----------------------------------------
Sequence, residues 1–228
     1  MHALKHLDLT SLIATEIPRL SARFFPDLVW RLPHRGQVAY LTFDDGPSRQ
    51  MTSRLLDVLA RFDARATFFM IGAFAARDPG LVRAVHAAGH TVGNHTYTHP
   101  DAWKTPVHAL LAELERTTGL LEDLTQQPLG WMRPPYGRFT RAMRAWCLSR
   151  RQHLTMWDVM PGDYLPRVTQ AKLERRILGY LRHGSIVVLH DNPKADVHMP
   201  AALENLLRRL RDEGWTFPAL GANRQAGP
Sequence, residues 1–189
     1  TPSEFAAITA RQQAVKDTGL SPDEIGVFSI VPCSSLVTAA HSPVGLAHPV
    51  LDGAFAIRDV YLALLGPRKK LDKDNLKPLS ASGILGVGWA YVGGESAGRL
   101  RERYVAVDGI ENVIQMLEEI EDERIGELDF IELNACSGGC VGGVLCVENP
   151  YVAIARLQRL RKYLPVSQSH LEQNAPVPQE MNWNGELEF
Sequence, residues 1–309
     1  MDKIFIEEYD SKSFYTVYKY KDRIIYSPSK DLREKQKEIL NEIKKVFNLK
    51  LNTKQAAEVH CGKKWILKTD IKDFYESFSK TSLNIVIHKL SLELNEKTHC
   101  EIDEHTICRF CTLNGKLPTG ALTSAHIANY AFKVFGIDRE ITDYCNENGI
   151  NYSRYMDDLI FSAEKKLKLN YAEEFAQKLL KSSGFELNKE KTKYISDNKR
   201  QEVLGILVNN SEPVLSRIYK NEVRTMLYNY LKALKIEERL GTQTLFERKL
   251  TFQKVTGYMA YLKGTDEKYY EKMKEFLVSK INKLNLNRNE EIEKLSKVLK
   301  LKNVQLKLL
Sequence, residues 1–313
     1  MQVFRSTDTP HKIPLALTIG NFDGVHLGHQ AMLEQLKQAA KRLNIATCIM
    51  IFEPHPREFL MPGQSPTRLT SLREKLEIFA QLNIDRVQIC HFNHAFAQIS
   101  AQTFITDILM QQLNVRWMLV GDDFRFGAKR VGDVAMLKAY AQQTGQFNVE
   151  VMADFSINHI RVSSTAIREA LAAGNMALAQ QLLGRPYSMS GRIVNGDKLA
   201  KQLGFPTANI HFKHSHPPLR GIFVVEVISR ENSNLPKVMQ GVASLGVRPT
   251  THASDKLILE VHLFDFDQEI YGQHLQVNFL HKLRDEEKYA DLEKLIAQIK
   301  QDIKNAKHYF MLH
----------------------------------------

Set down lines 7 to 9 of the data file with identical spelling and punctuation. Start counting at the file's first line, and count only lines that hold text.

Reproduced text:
Sequence, residues 1–189
     1  TPSEFAAITA RQQAVKDTGL SPDEIGVFSI VPCSSLVTAA HSPVGLAHPV
    51  LDGAFAIRDV YLALLGPRKK LDKDNLKPLS ASGILGVGWA YVGGESAGRL